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|Milan Last Supper|
The Last Supper (Italian: Il Cenacolo or L´Ultima Cena ) is a 15th century mural painting in Milan created by Leonardo da Vinci for his patron Duke Ludovico Sforza and his duchess Beatrice d´Este . It represents the scene of The Last Supper from the final days of Jesus as narrated in the Gospel of John 13:21, when Jesus announces that one of his Twelve apostles would betray him.
The painting measures 460 × 880 centimeters (15 feet × 29 ft) and covers the back wall of the dining hall at Santa Maria delle Grazie in Milan , Italy. The theme was a traditional one for refectories, but Leonardo´s interpretation gave it much greater realism and depth. The lunettes above the main painting, formed by the triple arched ceiling of the refectory, are painted with Sforza coats-of-arms. The opposite wall of the refectory is covered by the Crucifixion fresco by Giovanni Donato da Montorfano, to which Leonardo added figures of the Sforza family in tempera. (These figures have deteriorated in much the same way as has The Last Supper.) Leonardo began work on The Last Supper in 1495 and completed it in 1498—however, he did not work on the piece continuously throughout this period. According to ´Leonardo Da Vinci´ [Kenneth Clark, p.144, Penguin Books 1939,1993], this beginning date is not certain, as " the archives of the convent have been destroyed and our meagre documents date from 1497 when the painting was nearly finished. "
The Last Supper specifically portrays the reaction given by each apostle when Jesus said one of them would betray him. All twelve apostles have different reactions to the news, with various degrees of anger and shock. From left to right:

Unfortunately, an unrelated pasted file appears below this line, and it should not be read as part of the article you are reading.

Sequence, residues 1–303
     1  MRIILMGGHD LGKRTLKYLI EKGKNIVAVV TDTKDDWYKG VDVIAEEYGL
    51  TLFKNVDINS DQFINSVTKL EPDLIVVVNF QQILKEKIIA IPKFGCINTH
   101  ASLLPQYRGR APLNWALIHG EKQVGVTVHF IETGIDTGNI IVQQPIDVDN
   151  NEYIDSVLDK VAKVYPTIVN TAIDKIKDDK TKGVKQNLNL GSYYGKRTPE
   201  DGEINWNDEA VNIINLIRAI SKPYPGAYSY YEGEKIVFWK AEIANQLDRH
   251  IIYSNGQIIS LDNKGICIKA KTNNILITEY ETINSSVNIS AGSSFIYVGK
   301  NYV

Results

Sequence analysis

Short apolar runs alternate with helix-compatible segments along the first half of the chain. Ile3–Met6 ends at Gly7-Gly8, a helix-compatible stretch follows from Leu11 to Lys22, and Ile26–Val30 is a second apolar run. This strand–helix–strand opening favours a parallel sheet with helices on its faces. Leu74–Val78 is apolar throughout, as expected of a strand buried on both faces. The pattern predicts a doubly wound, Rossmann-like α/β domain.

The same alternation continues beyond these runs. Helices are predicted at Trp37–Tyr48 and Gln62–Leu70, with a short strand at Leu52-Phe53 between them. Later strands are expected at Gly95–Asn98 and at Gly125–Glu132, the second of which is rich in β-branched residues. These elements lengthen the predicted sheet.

Bartholomew, James, son of Alphaeus and Andrew form a group of three, all are surprised.
Judas Iscariot, Peter and John form another group of three. Judas is wearing green and blue and is in shadow, looking rather withdrawn and taken aback by the sudden revelation of his plan. He is clutching a small bag, perhaps signifying the silver given to him as payment to betray Jesus, or perhaps a reference to his role within the 12 disciples as treasurer. He is the only person to have his elbow on the table; traditionally a sign of bad manners. Peter looks angry and is holding a knife pointed away from Christ, perhaps foreshadowing his violent reaction in Gethsemane during Jesus´ arrest. The youngest apostle, John, appears to swoon.
Thomas, James the Greater and Philip are the next group of three. Thomas is clearly upset; James the Greater looks stunned, with his arms in the air. Meanwhile, Philip appears to be requesting some explanation.
Matthew, Jude Thaddeus and Simon the Zealot are the final group of three. Both Jude Thaddeus and Matthew are turned toward Simon, perhaps to find out if he has any answer to their initial questions.
These names are all agreed upon by art historians. In the 19th century, a manuscript (The Notebooks Leonardo Da Vinci pg. 232) was found with their names; before this only Judas, Peter, John and Jesus were positively identified.